Business operation automation startup Tonkean announced this morning that it closed a $50 million Series B round of capital. Accel led the round, which came just over a year after the startup raised a $24 million Series A. Lightspeed Ventures, which led the company's preceding venture capital round, also participated in its new funding event.
Sagi Eliyahu, Tonkean's co-founder and CEO, told TechCrunch in an interview that his company's valuation rose by around 4x in its latest funding round.
The startup was able to secure more capital at a higher price thanks in part to quick growth in 2020, which Eliyahu said was concentrated in the second half of 2020.
Tonkean is an interesting mix of business process automation, no-code and humans. In short, the startup allows a company's ops groups -- sales ops, marketing ops, etc. -- to set up automated business logic across applications that can include human-in-the-loop elements. And Tonkean built its system to be IT-friendly, allowing it to support enterprise-scale customers.
The automation space has been broadly hot in recent quarters. Robotic process automation (RPA) is great for mechanizing repetitive tasks that waste human time. The method of using computers to do stuff that humans previously had to do by clicking far too much has proven to be big business.
Tonkean allows for something a bit different. An example may help: During our interview, Eliyahu mused about what might happen if a salesperson for a Tonkean client wanted to send a lead into a nurture campaign. Tonkean would let the sales ops team set up logic so that when the frontline salesperson selects the lead for a nurture effort inside their CRM, the lead would then automatically be added to a specific Marketo campaign. Furthermore, the click-to-nurture system would alert a human on the sales team, perhaps asking for approval of the decision.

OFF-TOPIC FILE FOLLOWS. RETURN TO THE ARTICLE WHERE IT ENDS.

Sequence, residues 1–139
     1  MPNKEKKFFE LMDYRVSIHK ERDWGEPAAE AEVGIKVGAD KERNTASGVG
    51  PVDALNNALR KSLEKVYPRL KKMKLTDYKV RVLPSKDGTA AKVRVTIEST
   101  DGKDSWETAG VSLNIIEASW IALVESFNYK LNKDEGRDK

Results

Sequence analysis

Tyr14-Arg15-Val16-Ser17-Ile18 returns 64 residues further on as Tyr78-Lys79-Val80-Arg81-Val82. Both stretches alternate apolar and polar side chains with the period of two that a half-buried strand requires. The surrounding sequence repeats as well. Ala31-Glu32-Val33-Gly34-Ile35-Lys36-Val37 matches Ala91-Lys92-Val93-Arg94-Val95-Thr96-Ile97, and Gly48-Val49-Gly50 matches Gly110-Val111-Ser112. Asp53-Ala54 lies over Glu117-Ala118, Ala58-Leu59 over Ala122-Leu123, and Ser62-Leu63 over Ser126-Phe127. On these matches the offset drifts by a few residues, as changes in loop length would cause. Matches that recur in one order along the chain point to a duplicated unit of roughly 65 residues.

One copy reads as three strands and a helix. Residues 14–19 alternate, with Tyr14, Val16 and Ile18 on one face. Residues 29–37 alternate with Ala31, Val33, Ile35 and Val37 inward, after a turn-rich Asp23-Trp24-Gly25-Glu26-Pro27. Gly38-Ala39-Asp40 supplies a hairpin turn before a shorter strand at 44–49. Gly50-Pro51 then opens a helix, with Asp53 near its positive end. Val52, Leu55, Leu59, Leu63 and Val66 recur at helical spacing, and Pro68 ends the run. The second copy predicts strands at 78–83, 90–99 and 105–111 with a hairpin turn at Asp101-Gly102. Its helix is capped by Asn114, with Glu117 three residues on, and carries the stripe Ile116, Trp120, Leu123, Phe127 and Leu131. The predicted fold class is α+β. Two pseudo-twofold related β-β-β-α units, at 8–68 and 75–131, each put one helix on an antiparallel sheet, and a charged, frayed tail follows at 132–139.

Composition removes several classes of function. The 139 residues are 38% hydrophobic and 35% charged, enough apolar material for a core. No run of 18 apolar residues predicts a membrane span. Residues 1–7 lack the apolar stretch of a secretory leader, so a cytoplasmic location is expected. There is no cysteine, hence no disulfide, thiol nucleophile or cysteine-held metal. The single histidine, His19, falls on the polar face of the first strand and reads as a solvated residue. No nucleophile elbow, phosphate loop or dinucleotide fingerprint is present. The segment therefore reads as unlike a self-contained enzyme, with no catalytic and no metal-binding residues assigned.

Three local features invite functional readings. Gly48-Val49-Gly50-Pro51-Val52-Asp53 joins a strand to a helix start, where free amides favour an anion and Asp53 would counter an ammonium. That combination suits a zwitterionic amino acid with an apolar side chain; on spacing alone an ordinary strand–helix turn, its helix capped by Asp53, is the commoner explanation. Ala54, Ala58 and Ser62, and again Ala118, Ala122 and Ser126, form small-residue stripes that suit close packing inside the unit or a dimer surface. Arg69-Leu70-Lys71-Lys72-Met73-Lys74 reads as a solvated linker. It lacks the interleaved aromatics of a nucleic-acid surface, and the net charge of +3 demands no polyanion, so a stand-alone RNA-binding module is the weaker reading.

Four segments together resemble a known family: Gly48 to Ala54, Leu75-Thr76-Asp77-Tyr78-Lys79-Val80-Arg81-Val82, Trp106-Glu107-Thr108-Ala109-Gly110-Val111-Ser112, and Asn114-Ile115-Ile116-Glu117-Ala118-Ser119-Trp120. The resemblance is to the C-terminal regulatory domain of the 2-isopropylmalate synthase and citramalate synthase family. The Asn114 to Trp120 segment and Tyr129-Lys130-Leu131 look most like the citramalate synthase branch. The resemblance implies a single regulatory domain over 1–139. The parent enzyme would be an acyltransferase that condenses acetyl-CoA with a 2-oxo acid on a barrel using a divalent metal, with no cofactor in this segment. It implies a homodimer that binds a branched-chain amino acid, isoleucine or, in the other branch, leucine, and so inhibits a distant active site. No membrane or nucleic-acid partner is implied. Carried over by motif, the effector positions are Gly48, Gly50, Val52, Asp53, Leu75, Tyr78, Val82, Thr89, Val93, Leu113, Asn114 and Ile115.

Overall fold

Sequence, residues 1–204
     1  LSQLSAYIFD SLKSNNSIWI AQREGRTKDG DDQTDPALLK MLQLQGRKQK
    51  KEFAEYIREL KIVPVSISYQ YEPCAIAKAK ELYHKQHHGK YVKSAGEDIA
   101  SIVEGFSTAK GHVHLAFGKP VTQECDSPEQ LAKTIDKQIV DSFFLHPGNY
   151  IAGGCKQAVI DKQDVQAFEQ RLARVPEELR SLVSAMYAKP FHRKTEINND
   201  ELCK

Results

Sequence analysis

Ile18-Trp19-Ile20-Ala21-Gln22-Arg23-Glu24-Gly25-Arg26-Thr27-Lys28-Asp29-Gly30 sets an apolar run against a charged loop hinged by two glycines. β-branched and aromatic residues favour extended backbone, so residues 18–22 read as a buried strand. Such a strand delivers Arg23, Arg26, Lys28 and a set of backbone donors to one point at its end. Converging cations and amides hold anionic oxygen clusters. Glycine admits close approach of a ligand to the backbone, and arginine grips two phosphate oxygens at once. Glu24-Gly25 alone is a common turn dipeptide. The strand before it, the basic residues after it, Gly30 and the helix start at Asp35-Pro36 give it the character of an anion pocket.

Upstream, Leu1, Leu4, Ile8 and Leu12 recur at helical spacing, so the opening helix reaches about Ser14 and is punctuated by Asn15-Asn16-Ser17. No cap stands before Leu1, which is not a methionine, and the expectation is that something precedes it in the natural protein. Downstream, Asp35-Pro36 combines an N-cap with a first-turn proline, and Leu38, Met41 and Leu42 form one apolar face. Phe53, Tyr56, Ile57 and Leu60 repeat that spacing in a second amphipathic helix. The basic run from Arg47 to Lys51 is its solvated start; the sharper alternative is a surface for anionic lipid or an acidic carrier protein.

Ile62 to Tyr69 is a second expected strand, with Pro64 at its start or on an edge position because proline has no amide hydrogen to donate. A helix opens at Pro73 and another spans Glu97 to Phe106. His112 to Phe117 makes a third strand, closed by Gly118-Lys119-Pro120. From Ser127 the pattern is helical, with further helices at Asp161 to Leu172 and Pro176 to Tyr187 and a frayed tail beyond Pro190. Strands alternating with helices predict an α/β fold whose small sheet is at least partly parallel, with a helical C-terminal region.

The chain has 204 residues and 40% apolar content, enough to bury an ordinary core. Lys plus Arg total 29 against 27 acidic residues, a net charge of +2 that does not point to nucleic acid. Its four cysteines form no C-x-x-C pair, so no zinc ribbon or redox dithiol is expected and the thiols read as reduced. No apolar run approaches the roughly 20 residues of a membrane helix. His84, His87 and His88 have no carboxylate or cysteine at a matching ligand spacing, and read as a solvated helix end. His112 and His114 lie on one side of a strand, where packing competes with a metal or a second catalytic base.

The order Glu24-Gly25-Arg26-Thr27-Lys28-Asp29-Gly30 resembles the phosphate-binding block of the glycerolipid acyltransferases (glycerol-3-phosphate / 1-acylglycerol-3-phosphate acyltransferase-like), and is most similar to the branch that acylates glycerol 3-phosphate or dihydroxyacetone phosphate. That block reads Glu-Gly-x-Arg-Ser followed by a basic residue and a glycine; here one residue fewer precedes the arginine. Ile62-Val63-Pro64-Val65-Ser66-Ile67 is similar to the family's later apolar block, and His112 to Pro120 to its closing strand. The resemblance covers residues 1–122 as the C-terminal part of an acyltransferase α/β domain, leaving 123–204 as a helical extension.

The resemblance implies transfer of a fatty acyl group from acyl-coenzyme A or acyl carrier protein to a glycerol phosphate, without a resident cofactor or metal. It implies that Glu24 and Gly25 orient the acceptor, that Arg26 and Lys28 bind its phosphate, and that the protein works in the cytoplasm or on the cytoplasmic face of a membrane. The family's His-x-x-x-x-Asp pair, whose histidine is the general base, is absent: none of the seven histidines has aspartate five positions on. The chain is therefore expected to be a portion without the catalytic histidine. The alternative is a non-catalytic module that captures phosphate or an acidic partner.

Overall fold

Tonkean software employs no-code tools to let ops groups use off-the-shelf command modules to build business logic -- or craft their own as needed. The use of the company's software could allow for more empowered teams at companies that are less reliant on engineering groups for help in accelerating and automating their work.
That thematically fits inside the general narrative we've seen from no-code startups in general: They want to allow nontechnical folks to have more control of their work through less reliance on technical teams at their place of employment.
Tonkean employs around 60 people today, up from around 15 folks at the time of its Series A. It plans to hire rapidly now that it has more capital. Eliyahu claims most of its Series A is still in the bank. So why did it raise?
Because Eliyahu considers his startup's market to be so large that he wants to pull the company's future closer to today; the new capital will give Tonkean the space it needs to hire more rapidly and build more quickly than it might have if it continued to operate from a smaller capital case.
Fifty million dollars is a lot of money. Let's see how far it gets Tonkean. The next time we talk to the company, we'll demand some harder growth metrics so we can see if the additional capital was the accelerant that the company hopes it will be.